Today’s shortest-ever Monday Note was written under the hallucinatory effects of a lingering flu and various other abuses and delights: Traversing France on the magical TGV; wandering through the Left Bank’s mind-altering bookstores, restaurants, pastry shops, and other purveyors of Good Sin; and, to top it off, the summoning of an SOS Médecins at 10pm to staunch a stubborn nosebleed, for 60€. Read at your own risk.
To wrap up the year, here is a selection of notable shifts observed in 2015, and their expected impact in 2016 on digital advertising, mobile internet and trends in emerging countries.
Tim Cook just handed the keys to the Apple App Store to Senior VP Phill Schiller. Will Schiller bring order and intelligibility to Apple’s app jungle?
Medias invest heavily in branded content production. Leveraging their notoriety and brand power, the largest ones have set up full-fledged production studios and creative teams, to the point where they could put a dent in advertising agencies’ revenue streams.
A pigeon box, secure transmission circa WWII. Credit: Garrett Coakley, Flickr
In the name of protecting us against terrorists, law enforcement agencies want high tech companies to relinquish their Golden Keys, backdoors to their otherwise unbreakable encryption algorithms. It sounds like a reasonable request…until you look more closely.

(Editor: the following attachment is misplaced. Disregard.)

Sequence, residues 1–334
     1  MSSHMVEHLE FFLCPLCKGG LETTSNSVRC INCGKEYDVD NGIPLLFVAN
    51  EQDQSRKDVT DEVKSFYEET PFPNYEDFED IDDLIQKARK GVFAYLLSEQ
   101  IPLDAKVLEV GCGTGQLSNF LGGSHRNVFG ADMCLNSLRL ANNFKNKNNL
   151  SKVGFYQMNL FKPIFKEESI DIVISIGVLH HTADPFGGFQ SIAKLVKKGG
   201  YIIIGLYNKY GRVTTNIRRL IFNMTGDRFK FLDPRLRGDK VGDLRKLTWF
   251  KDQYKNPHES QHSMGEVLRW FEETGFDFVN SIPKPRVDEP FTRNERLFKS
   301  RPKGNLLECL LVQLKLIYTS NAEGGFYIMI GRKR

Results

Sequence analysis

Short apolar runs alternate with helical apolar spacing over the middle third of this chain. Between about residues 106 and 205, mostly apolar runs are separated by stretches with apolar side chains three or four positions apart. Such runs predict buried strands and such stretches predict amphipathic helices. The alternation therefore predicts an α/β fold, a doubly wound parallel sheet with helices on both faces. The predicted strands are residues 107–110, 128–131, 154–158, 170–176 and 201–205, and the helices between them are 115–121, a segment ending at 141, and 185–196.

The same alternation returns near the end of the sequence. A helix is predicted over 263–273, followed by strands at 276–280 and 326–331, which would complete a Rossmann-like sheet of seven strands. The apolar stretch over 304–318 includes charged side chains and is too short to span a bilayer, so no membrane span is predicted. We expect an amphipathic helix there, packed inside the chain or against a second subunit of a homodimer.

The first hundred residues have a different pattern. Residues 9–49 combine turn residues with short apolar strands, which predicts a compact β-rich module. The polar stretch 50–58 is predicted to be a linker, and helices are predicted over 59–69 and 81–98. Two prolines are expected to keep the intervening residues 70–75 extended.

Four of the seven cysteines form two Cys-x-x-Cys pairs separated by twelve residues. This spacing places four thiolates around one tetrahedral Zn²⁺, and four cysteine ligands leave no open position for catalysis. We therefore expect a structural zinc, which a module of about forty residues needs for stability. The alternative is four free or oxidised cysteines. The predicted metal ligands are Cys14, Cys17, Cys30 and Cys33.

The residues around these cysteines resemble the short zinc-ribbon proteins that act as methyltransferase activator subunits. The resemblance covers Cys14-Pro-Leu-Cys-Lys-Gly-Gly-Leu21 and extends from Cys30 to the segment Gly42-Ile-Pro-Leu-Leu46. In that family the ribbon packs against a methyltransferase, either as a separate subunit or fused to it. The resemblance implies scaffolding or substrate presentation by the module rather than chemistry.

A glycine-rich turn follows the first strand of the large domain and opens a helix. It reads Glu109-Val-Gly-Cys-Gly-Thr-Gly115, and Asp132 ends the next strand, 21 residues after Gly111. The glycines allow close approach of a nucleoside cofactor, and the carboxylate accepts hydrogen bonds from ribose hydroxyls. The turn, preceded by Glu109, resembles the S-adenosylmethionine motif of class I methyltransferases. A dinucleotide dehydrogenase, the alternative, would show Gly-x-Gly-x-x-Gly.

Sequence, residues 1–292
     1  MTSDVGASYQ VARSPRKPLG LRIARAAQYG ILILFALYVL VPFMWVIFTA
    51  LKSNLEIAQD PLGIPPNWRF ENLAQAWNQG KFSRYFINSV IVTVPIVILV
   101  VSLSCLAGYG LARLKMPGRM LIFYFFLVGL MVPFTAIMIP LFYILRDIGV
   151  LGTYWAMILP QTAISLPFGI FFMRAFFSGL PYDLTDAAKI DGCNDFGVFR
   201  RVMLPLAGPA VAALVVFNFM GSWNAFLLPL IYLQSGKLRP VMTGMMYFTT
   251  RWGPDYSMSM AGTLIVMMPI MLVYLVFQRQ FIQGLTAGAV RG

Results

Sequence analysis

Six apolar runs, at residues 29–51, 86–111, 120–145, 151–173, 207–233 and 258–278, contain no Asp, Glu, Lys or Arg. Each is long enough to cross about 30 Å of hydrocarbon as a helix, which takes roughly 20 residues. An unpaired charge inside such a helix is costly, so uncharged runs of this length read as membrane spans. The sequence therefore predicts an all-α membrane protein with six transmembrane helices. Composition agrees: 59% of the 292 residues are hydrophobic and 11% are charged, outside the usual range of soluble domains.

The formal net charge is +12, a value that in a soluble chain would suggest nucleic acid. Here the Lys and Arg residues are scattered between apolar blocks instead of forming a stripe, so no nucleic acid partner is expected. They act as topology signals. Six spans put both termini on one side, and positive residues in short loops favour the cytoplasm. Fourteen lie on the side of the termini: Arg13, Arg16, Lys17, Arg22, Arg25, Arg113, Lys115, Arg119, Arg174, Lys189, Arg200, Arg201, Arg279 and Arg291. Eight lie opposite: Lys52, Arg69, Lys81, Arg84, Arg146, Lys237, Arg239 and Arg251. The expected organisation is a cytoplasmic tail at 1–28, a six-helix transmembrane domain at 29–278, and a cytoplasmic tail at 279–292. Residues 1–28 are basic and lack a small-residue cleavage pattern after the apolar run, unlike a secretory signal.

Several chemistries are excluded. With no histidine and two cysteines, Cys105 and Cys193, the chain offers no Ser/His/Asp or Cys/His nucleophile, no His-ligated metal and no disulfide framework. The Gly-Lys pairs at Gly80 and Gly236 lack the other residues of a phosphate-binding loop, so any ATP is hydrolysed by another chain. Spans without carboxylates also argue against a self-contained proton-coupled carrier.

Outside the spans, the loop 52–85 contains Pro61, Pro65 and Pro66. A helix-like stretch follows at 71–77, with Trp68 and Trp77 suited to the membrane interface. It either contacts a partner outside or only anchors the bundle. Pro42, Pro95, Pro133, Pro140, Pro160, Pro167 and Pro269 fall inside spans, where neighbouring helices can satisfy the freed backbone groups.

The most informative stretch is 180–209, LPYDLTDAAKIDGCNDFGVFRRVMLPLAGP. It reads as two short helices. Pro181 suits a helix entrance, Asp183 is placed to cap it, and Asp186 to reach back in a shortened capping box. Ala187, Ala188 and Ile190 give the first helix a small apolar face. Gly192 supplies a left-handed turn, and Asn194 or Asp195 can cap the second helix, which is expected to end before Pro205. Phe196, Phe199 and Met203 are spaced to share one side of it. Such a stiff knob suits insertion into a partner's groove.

First ignited by anti-advertising zealots, ad blocking is now a growing business involving an “interesting” set of players. These range from opportunistic startups intending to leverage the power of cell phone carriers, to large multinational groups wanting to control the ad supply aimed at the Internet’s Next Billion.
If you can’t be located, you’re nobody. What3Words, a London startup, tackles one of the developing world’s most critical challenges: providing a universal address for people who don’t have a physical one. (Part of a series on technology and global development.)
With more positive feelings this time, I look at five key questions that must be answered for an Apple Car to make sense: Money, Design, User interface, Distribution & service and Charger stations.
Here we go again, with the iPad Pro this time: Is it a laptop replacement? This seemingly simple question is, simply, the wrong one. What we need to ask is ‘what sorts of tasks does the new tablet and its well-executed Pencil make easier?’